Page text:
The body is amazing. Millions of chemical signals are sent throughout the body each day to keep you functioning normally. The body also does a great job providing you, the host, messages about your health as well. Specifically, it tells you when you might be missing something essential from your diet.
As a nutritionist, I help people create diets to optimize their health. It’s easy to overlook certain vitamins or nutrients, but if your body is in need of something it may let you know. Keep reading to find out five common problems that can be caused by nutrient deficiencies in the body.
1. Bleeding gums
You might not be consuming enough vitamin C-rich foods. Bleeding gums can be a sign of many things, including gingivitis, or even brushing or flossing too hard. However, a recent meta-analysis found that bleeding gums may also be a sign of a vitamin C deficiency. Additionally, the study also concluded that increasing consumption of vitamin C could help reverse certain bleeding issues.
There’s nothing wrong with adding more vitamin C to your diet — and there are easy ways to do it. Snack on bell peppers and broccoli and choose vitamin C-rich fruits like oranges, papaya and berries throughout the day as well.
2. Brittle hair or hair loss
Hair loss can occur for a number of reasons. It may be genetic or caused by hormonal issues: People can experience it postpartum or after a stressful life event. Recently, there have been reports of COVID-19 survivors experiencing hair loss. It could also be a side effect of a medication, or could be related to other health issues like thyroid gland problems, lupus or more.
Hair loss could also indicate that you might be lacking protein and essential fatty acids. A 2017 review in the Journal of International Dermoscopy Society found that nutritional deficiencies impacted both hair structure and hair growth. In addition to zinc, niacin and biotin, amino acids (found in protein) and essential fatty acids were found to be essential components to healthy hair. The review also found that excess intake of supplements such as vitamin A and selenium could result in hair loss.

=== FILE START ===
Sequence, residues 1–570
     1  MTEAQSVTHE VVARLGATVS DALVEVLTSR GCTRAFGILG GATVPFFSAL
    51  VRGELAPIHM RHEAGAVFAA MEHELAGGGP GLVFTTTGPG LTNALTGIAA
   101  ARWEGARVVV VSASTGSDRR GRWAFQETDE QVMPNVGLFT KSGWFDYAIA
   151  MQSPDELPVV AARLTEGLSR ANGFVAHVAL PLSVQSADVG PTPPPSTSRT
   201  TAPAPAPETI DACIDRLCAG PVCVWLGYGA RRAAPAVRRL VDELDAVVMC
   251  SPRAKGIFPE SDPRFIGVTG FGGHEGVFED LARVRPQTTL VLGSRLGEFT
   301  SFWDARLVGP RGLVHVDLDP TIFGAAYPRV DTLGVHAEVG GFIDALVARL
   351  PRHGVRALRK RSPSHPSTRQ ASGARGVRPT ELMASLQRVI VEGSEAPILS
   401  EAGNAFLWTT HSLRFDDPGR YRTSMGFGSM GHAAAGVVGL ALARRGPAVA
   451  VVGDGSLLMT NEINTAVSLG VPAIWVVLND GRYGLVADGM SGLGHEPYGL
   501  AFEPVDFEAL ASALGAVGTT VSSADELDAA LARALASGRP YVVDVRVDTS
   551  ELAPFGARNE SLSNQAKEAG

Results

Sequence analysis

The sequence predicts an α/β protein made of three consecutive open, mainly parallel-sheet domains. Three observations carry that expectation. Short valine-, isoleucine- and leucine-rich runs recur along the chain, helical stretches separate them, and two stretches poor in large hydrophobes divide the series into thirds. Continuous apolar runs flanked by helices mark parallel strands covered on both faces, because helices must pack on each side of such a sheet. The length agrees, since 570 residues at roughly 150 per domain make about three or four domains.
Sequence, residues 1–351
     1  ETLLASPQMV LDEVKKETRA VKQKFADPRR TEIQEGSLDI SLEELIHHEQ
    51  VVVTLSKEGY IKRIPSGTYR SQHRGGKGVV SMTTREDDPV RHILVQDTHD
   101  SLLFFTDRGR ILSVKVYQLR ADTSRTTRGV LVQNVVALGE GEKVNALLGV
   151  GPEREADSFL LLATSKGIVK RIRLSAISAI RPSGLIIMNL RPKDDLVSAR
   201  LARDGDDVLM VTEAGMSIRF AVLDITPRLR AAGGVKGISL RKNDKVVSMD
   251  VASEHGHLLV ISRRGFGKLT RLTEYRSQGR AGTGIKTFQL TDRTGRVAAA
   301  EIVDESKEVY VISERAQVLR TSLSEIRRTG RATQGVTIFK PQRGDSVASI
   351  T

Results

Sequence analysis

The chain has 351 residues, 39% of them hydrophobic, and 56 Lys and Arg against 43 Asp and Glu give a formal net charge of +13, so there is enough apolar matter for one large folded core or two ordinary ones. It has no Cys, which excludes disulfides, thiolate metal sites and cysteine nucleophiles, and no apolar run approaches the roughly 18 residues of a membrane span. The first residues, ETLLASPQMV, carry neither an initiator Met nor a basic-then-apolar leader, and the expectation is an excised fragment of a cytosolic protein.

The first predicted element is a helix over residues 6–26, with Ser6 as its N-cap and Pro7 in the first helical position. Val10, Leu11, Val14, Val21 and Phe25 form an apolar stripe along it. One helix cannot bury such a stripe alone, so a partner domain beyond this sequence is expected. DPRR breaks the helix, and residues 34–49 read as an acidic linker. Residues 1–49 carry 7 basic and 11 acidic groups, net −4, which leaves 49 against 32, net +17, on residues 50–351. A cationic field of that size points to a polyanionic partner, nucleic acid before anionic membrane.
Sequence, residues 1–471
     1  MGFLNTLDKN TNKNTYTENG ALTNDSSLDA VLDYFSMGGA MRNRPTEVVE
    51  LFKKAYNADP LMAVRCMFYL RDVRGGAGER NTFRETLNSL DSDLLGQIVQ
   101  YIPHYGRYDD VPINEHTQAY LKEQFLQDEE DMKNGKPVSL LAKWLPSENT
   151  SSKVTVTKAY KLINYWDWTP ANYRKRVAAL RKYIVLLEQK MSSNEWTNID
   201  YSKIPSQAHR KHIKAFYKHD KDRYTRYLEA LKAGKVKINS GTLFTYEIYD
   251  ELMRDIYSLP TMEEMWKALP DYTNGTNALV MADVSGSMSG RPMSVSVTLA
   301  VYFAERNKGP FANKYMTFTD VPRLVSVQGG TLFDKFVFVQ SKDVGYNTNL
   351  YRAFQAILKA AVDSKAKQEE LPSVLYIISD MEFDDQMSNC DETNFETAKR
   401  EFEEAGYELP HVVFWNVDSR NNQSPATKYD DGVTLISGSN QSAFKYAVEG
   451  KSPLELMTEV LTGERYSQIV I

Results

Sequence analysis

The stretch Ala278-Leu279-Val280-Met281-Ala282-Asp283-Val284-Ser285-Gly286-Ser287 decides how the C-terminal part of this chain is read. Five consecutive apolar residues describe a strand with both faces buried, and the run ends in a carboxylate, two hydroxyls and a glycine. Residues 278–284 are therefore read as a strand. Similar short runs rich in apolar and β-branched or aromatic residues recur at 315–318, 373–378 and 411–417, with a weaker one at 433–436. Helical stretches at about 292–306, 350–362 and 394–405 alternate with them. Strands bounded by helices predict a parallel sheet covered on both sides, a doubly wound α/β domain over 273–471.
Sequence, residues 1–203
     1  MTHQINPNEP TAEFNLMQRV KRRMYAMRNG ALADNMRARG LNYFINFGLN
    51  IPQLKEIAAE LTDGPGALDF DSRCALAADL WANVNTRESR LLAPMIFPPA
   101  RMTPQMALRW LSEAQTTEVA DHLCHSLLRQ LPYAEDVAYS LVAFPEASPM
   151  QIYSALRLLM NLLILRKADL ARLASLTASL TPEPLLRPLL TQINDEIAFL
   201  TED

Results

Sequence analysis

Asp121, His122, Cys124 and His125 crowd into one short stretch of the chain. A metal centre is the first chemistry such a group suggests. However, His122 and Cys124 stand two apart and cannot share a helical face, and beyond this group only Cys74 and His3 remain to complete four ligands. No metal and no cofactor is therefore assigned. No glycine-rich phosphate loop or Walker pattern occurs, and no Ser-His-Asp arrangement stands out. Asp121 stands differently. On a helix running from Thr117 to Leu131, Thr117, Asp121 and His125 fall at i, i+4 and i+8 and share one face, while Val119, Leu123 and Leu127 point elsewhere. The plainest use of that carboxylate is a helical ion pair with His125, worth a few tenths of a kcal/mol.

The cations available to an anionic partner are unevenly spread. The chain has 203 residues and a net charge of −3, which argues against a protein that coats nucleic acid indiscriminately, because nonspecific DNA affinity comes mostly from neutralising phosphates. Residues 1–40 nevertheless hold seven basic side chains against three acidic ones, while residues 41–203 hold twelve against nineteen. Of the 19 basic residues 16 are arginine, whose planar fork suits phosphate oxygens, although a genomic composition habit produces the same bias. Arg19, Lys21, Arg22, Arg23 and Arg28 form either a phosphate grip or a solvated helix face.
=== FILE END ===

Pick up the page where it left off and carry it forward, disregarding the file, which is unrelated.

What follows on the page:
Want to get the best hair quality? Focus on getting plenty of lean proteins and omega-3 fatty acids. Think wild salmon, walnuts and chia seeds.
3. Red skin
An inflammatory condition called rosacea could lead to red skin, and it’s best treated by a dermatologist. Though if you’re dealing with inconsistent flare-ups, you may blame sugar, salt and refined grains for that. Poor diet and the sun are the enemies of good skin and there’s plenty of research to prove it. A recent study out of University of California, found that a typical Western dietary pattern (rich in processed foods abundant in fat and sugar coupled with a low intake of whole grains, fruits and vegetables) was associated with the formation of skin inflammation and development of psoriasis in mice.
Previous research has shown associations with obesity and the condition which can manifest as dry, patchy and scaly skin. However, this recent study found that psoriasis symptoms can occur with poor diet, well before changes in weight. To reduce your risk, aim for a whole foods diet, abundant in color, fiber and limited amounts of saturated fats.
4. Constipation or bloating
Are you suffering from constipation and subsequent bloating? You might not be getting enough water and fiber.
Multiple studies on fiber content in the diet show that having too little of this non-digestible gem can lead to problems in the bathroom. Constipation (defined as having less than three bowel movements a week or having low quality bowel movements) can be reduced if you have the proper essentials (fiber and water) in your diet to move things along properly. Recommended amounts of fiber are between 25–35 grams per day from sources such as fruits, vegetables, nuts, seeds, beans and whole grains.
In addition to getting enough fiber in the diet, you’ll also want to make sure you are well hydrated. Dehydration is a key component to worsening constipation.
5. Cuts that are slow to heal
This could be due to the lack of vitamin B in your diet. While there are multiple causes of poor wound healing (such as chronic disease and aging), studies show that a lack of B vitamins may also be a cause. To get plenty of B vitamins in the diet, focus on whole grains, lean meats, eggs, legumes and dark, leafy green vegetables.
Your diet quality can help make or break your risk of chronic disease, your gut health quality and your weight. The next time you experience a less than desirable symptom in or on your body, take a closer look at what you’re eating and remember to contact your doctor if problems persist or if the issue is especially concerning.
For more from Kristin Kirkpatrick, follow her on Instagram @fuelwellwithkrissy